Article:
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Lawtomatic Newsletter Issue, #137

By Gabe Teninbaum

My name is Gabe Teninbaum (on Twitter at @GTeninbaum).  I'm a professor, as well as the Assistant Dean for Innovation, Strategic Initiatives, & Distance Education, at Suffolk Law in Boston. I'm also a Visiting Fellow at Yale Law School's Information Society Project My work focuses on legal innovation, technology, and the changing business of law. Every day, I digest tons of content on these topics. The goal of this newsletter is to curate the most interesting, valuable, and thought-provoking of these ideas and share them with you. 

If you like reading it, please subscribe. You're also invited to forward this to others who you think would benefit. Likewise, please email me with feedback, ideas, and tips so I can deliver what's most valuable to you.


The Appetizer: Sponsors

  • is a tool to help law students & bar preppers learn more using cutting-edge science. Called the single most effective technique to learn by the American Psychological Association. More than 17,000 users spread across every law school in the U.S.​

The Main Course: 5 Things That Made Me Think This Week​

  • Contract Lifecycle Management: People Matter! There is so much focus on the technology component in contracting that sometimes we lose sight of the peoplecomponent. This blog post by Craig Conte of Deloitte Legal talks about why people-skills are needed for vital in contract management. It's a good reminder that problem solving requires the right people, processes, and that order! (hat tip to Bob Taylor).

  • New Issue of LegalBusinessWorld: there's a brand new issue of this free magazine (online version and downloadable PDF). As always, it's terrific: 100+ pages of legal innovation and tech content, with everything from think pieces to very practical skills-focused articles. I also like LBW because it includes global voices instead of the largely US/UK-centric conversation that dominate the legal tech Twitterverse.

  • Clio's Time to Shine: this is the week for Clio's annual conference, which has become the Burning Man of the legal tech circuit. On day 1 alone, Jack Newton, Clio's CEO, broke the news about their "most important product release ever" (hint: it's a payment system that could streamline a lot of work for law firms and client, but there's some other cool stuff too). Bob Ambrogi has broken it down clearly in a post on the event. ALSO, Clio just released its annual "Legal Trends Report," which is especially interesting this year because of all the societal shifts happening as a result of the pandemic. Required reading.

  • Phone App is Engaging in Unauthorized Practice of Law: in Florida Bar v TIKD Services (pdf of the decision), the Florida Supreme Court ruled that an app designed to help drivers fight traffic tickets was engaged in the unauthorized practice of law. I respectfully dissent.

  • Meanwhile, in the same time Florida was crushing TIKD, a team of law students and volunteers lead by Suffolk Law's Legal Innovation & Technology Lab has been making a difference with the Court Forms Online project. As one example, the group created an app that allows tenants to file an emergency stay of eviction from their smart phone. One tenant used the app in the middle of an eviction and a judge granted the emergency stay in time to stop the process. This isn't a metaphorical "in the middle of an eviction": the property was literally being taken out of the home, and this app halted the eviction in its tracks. Here's a thread on it, with links to learn more about the project.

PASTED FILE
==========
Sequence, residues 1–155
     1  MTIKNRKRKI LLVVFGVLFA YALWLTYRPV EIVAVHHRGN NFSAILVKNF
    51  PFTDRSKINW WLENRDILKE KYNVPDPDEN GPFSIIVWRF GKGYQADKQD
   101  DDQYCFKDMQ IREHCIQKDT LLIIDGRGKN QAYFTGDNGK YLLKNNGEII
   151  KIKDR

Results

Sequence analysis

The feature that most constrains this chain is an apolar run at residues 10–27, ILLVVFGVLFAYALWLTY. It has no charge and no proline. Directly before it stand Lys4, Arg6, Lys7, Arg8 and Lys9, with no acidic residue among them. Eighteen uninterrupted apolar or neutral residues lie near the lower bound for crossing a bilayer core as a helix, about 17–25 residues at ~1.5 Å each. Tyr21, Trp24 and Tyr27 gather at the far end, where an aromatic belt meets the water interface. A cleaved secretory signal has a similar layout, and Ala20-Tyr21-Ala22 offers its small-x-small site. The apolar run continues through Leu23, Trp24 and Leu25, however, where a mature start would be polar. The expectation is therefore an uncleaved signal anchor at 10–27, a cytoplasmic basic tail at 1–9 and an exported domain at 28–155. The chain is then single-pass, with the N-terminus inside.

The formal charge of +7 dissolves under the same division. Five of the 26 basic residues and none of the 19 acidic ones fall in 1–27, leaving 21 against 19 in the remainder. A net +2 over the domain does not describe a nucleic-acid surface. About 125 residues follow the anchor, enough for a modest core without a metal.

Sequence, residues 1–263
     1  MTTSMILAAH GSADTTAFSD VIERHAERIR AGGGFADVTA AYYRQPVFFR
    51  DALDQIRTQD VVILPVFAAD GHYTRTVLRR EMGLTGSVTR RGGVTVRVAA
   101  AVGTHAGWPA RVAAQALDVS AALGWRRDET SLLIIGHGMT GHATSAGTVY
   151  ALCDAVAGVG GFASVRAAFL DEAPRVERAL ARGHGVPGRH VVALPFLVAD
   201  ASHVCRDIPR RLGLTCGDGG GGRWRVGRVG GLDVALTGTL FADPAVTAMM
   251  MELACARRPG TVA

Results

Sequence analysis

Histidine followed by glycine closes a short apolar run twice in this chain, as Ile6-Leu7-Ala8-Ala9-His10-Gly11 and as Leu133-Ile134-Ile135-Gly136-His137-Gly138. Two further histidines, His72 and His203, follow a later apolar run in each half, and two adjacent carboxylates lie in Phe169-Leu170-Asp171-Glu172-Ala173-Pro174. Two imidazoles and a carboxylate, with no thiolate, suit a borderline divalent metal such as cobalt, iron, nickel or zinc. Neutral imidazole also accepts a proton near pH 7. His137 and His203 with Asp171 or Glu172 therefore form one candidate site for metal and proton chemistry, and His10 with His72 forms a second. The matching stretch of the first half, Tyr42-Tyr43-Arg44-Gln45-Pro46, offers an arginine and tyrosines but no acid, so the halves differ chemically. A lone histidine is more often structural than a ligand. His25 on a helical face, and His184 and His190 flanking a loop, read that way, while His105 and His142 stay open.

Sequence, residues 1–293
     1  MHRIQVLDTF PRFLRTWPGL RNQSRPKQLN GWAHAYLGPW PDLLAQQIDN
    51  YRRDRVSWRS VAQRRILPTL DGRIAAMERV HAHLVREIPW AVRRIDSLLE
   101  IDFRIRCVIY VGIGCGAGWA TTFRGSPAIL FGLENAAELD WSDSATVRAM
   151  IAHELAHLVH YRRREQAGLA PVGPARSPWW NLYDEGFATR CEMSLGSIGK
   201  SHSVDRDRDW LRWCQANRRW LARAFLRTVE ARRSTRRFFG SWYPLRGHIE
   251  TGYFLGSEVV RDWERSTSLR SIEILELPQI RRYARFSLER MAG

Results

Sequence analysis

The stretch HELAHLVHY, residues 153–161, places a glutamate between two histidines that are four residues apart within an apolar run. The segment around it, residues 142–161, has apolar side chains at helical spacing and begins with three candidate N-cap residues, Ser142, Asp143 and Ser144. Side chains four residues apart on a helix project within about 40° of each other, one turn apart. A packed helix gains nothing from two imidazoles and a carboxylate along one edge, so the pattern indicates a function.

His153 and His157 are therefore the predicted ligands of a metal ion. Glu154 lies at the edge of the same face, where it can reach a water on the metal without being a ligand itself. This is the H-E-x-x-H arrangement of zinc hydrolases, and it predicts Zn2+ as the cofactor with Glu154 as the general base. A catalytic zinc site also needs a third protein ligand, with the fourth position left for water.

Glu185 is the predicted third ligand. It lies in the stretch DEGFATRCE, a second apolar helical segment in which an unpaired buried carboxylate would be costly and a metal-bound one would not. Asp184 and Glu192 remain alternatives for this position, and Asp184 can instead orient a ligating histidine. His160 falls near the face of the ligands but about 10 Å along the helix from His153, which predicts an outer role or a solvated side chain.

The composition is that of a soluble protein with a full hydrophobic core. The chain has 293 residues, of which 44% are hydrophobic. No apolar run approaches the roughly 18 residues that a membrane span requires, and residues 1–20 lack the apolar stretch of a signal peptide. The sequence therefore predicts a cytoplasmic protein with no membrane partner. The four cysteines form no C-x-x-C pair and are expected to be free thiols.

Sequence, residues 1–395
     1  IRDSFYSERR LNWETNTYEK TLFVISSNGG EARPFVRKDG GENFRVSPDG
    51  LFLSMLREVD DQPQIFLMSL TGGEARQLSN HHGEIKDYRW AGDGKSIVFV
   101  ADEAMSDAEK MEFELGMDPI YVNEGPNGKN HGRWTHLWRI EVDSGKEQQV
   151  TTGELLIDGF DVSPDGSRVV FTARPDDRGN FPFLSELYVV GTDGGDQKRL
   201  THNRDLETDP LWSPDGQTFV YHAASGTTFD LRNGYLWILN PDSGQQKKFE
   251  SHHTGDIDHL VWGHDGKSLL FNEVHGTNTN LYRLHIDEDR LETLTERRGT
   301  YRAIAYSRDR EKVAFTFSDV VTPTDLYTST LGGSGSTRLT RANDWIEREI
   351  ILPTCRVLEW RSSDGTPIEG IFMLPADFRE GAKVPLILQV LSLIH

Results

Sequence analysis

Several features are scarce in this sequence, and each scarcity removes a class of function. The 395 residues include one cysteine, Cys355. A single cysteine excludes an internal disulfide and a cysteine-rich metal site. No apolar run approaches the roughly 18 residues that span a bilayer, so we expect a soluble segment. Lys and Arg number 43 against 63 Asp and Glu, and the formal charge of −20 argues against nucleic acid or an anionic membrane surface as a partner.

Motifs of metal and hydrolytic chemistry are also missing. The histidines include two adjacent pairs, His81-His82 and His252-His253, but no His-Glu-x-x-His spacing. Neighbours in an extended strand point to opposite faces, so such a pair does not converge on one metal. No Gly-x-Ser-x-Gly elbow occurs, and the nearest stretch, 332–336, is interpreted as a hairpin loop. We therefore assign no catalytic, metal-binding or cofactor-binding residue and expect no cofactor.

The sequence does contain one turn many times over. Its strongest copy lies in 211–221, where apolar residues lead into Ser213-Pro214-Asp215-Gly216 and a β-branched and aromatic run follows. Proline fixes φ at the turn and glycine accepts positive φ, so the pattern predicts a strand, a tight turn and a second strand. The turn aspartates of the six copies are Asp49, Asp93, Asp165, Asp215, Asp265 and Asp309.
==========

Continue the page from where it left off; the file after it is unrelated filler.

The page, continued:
• SNL Hosts Introducing Musical Guests: I'm usually deep in rem sleep by the time the show's host introduces the musical guest on Saturday Night Live, but when I *do* stay up, the music is often pretty great. I never thought of the introduction itself as special, but this Twitter feed is just short clips of SNL hosts introductions. It's surprisingly compelling and you're virtually guaranteed to click on dozens of them if you choose to click on one. Ron Howard introducing the Clash? Ray Romano welcoming Vanilla Ice? Worth seeing. (Hat tip to Prof. Sarah Schendel).

3 comentários

Dallas's Top 5 Hotels with Jacuzzis in Rooms Hotels with Jacuzzis in Rooms in Dallas The Sixth Floor Museum at Dealey Plaza, approximately 8 miles away from the hotel; the Dallas World Aquarium, approximately 12 miles away; the Dallas Museum of Art, approximately 5 miles away; and the Reunion Tower, approximately 6 miles away, are the closest attractions to this hotel. Additionally, the hotel is only a few miles away from the AT&T Stadium.


The Alexandrine parakeet, which is often referred to as the Alexandrine parrot, is connected to the Indian ring-neck in a genetic relationship. This bird is bright, friendly, and independent, Ringneck Parrot Features and it is middle-sized. Additionally, as a result of this bird's growing popularity, it has grown more famous among bird breeders in many states of India. This bird is very well regarded by the general public. The people of the Alexandrine Parrot Price in India will be discussed here, along with aspects like as the bird's wellbeing and personality. Also known is the amount of money that can be spent on an Alexandrine Parrot in the various cities of India.


Lyrics Ultima
Lyrics Ultima
13 de jan.

Underneath the neon glow, secrets we confide, A symphony of whispers, where shadows reside. In the dance of the stars, Upcoming Song Lyrics our destinies align, The melody of time, a tale in every sign. We're painting constellations in the sky, A kaleidoscope of emotions, soaring high. In the lyrics of our souls, a universe untold, We're singing the anthem of stories yet to unfold.

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